chukkalaraayani keru momu gala
sudati seethamma soumitri sreeramunikiru -pakkala-

Like how the beautiful, moon-faced mother Sita and Lakshmana stood on both sides of Sree Rama...
[Sudati is a woman with beautiful teeth. Sita's teeth were like sparkling stars, the  king of which is the moon. The beauty of Sita's smiling face challenges the moon himself. Sita is not just a beauty queen however - she is the Mother. Sita and Lakshmana accompanied Rama throughout his travails, voluntarily, wholeheartedly, lovingly. This is how serving should be. It is also the case that when you serve the Lord like this, he does anything to save you. As we know, a good part of Ramayana deals with Rama serving Sita's cause, not the other way.]
thanuvuche vandana monarinchu chunnaaraa
chanavuna naama keerthana cheyuchunnaara
manasuna thalachi maimarachi yunnaaraa

With body, I am bowing down and saluting
With word, I am lovingly singing the Lord's names
In mind, recollecting about the Lord, I am lost in ecstasy
[While in the cart, I was occupied in body, word and mind in Rama. Hence I missed seeing the divine young men who came to protect us.] 
[This is the way to serve the Lord - being completely occupied in mind, word and body and being oblivious to anything else. This is in fact the way to involve with anything worthwhile - tri-karana-shuddhi. This is the correct way to use the body, word and the mind. These are the paths of hata yoga, bhajan and meditation.]
nenarunchi tyaagaraajunitho hari hari meeriru - pakkala-

Kindly, to Tyagaraja, You on both [sides]
["hari hari" is a well-known Telugu expression for being apologetic. Tyagaraja is apologetically asking his Lords (Rama and Lakshmana) here to kindly relate to him the admirable /cute occasion (muchchata) when They both stood on his two sides and served.]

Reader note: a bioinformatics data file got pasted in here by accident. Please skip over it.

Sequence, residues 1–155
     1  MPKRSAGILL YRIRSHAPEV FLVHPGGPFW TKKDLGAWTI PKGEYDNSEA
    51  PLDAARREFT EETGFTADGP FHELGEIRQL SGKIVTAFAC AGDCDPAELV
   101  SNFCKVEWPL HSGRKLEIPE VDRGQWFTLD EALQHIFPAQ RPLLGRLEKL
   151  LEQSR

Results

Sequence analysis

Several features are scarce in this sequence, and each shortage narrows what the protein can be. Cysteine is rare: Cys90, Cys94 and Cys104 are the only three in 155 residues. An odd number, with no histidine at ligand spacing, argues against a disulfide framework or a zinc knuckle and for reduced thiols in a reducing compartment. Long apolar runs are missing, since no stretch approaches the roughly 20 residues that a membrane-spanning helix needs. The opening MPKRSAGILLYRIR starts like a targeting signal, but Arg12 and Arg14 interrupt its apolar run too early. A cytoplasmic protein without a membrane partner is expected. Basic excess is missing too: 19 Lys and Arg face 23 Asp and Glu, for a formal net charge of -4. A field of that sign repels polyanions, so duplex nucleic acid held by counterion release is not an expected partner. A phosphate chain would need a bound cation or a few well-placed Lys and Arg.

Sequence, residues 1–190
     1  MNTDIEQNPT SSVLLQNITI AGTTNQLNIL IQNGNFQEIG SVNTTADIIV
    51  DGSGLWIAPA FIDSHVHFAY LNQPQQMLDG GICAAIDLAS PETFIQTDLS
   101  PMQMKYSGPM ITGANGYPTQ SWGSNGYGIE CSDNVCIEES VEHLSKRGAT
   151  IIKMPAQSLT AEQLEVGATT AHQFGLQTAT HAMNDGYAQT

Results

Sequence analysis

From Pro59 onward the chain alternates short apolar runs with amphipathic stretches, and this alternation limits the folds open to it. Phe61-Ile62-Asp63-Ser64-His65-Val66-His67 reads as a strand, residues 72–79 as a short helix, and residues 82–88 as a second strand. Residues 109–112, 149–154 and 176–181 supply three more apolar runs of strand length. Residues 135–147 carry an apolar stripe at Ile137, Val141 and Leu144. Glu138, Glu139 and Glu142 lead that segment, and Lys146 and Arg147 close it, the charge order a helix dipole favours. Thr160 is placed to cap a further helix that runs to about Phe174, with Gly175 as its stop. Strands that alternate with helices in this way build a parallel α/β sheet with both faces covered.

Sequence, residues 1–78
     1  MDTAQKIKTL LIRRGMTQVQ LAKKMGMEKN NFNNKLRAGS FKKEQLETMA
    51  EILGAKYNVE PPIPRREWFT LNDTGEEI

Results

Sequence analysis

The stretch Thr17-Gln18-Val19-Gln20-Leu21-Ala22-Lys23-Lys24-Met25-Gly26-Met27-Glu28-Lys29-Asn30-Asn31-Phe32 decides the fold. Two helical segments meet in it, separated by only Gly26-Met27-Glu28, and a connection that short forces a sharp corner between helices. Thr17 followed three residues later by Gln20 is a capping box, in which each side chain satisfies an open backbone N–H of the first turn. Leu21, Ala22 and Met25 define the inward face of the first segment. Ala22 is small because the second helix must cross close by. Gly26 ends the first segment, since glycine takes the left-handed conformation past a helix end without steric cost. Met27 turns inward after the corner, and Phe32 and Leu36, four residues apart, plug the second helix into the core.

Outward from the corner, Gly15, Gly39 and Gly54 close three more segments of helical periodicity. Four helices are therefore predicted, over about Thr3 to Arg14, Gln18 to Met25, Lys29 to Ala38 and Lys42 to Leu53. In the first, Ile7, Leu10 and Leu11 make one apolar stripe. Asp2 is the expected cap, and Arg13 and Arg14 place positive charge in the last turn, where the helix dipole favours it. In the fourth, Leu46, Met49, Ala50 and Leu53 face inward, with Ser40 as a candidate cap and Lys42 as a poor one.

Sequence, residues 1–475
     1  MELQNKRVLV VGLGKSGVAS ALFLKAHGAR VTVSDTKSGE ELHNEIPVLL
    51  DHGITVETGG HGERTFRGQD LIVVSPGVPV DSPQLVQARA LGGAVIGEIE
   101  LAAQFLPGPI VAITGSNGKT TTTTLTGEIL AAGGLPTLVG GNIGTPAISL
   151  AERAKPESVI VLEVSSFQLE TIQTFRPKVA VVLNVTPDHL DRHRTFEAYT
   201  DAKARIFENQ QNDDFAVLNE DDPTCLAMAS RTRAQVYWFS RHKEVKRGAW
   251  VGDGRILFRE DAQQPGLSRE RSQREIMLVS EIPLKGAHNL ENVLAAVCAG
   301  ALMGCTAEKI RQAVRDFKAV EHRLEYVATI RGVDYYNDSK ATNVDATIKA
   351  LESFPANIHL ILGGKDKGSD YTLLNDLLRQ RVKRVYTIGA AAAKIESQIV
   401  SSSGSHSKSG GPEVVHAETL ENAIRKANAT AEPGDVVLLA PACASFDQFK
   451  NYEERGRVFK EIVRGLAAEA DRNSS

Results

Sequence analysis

It is possible to dig more and get much more "juice" out of this song (or any other song of Sri Tyagaraja).

And then there is the lovely nector of the Khara-Hara-priya raga that this song is composed in (by Tyagaraja himself?). The raaga is named to be the favorite (priya) of Rama, the slayer (hara) of the demon Khara.

Overall, this song, like many songs of Tyagaraja, can transport & transform us. Tyagaraja's songs are indeed mantras- the more we dwell on the words, meanings and tune, the more they will enlighten and transform us.
[Mananat-trayate iti Mantrah. Sanskrit definition of the word Mantra That, through the repetition of which, you get protected (from bondage/ ignorance/ troubles) is called a Mantra.]


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  3. This is a nice interpretation! I felt it brings out the sense of Gratitude the Saint had, every moment of his life. Saint Tyagaraja was ever thirsty to learn ways to serve Lord Rama. And it is amazing how he was able to see instances of such wonderful service, always, around him. Shri T.K.Govind Rao's interpretation suggests that the Saint was requesting Sita and Lakshmana to share with him the way they served the Lord, having as they did, the great fortune to be ('standing') right next to him all the time!
    For me, this krithi is the epitome of the Saint's desire for total Surrender! That he could be in ecstasy when another has received the Grace of Lord Rama, whether the cart driver who actually witnesses the Grace or Rama's companions who are ever with him, is truly a life of Amrit Dhara! No wonder his songs elicit transformation in all who sing and/or listen,